I will list the questions directly, if you want to know details please read below.

As in the figure, we have water+baking soda in a plastic cup, there are 2 versions in figure that affects LED's brightness and current that flows in circuit.

  1. In 1st version of figure, LED is bright and more current flows (measured 9.76 mA with multimeter)
  2. In 2nd version of figure, LED is dull and less current flows (measured 0.22 mA with multimeter)

So my question is, why changing aluminium's place from negative to positive affects current flow of circuit? is it related with aluminium's chemical properties?

Details that explain how i got to this question:

My main aim was to make a home made diode by following instructions in this wonderful site, i did one and it worked.To understand the working mechanism better, i decided to setup things as in the figure upper and faced with this question that looks like main working logic of this home-made diode.In site there was an explanation but i couldn't understand it.

  • 1
    $\begingroup$ Hopefully, what I wrote as a comment, since converted to an answer, will not turn out to be duplicative of an existing answer: I wrote it just before calling it the end of a long day finishing my basement echelle spectrograph construction (thanks, @M.Farooq !). $\endgroup$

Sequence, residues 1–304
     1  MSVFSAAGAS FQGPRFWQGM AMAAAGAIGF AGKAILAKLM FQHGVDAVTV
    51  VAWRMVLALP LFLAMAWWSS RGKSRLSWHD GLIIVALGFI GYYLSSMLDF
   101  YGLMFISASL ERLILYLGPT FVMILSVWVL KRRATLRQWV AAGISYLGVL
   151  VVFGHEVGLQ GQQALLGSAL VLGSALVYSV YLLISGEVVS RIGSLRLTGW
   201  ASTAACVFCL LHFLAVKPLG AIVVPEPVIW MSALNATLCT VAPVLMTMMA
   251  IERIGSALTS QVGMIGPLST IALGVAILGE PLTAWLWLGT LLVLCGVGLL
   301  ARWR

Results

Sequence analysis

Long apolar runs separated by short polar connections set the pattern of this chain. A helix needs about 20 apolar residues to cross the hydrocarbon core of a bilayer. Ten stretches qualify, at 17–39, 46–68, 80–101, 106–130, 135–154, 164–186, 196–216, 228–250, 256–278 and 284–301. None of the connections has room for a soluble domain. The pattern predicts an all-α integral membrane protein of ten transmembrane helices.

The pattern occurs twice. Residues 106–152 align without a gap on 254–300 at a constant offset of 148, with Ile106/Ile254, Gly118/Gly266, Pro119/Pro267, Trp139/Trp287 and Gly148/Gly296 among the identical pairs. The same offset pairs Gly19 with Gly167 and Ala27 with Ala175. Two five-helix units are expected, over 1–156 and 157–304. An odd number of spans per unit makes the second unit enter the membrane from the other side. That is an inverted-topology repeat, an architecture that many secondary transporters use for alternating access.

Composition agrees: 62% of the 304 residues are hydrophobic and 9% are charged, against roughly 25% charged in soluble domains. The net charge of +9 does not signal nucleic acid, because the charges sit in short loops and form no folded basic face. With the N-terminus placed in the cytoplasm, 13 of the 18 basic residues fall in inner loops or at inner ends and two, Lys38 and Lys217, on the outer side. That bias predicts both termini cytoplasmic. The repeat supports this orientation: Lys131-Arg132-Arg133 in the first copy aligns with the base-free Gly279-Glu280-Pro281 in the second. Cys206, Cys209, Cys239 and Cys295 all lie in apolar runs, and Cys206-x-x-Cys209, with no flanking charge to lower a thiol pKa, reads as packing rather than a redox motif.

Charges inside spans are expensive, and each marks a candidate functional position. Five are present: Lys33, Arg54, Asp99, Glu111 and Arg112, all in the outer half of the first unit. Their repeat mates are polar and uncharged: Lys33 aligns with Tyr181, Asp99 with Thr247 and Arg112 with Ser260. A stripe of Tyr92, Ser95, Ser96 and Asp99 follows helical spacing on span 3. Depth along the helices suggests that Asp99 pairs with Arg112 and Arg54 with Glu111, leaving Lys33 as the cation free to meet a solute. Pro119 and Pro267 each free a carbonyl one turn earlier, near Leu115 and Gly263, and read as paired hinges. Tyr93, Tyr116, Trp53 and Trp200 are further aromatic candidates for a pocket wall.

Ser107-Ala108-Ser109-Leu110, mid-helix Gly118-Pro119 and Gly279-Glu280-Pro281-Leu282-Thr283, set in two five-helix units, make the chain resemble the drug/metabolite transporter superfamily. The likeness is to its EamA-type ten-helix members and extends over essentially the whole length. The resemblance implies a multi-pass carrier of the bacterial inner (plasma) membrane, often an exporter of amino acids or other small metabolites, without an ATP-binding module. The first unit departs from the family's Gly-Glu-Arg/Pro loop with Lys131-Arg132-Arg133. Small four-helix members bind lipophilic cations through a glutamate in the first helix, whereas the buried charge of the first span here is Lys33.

– Ed V
    Commented May 16, 2021 at 10:58

1 Answer 1


When aluminum is the anode (connected to the positive battery terminal), a thin layer of insulating aluminum oxide is produced via the “anodization”. It serves as a dielectric, so basically you have a leaky capacitor: current is low. But when the aluminum is connected to the negative terminal, it is the cathode and then you get reduction of hydrogen ions to hydrogen gas. So considerably more current can flow. This is essentially how tantalum and aluminum electrolytic capacitors have rectifying properties: their oxide films are the cause. Fun link, by the way.


Your Answer

By clicking “Post Your Answer”, you agree to our terms of service and acknowledge you have read our privacy policy.

Not the answer you're looking for? Browse other questions tagged or ask your own question.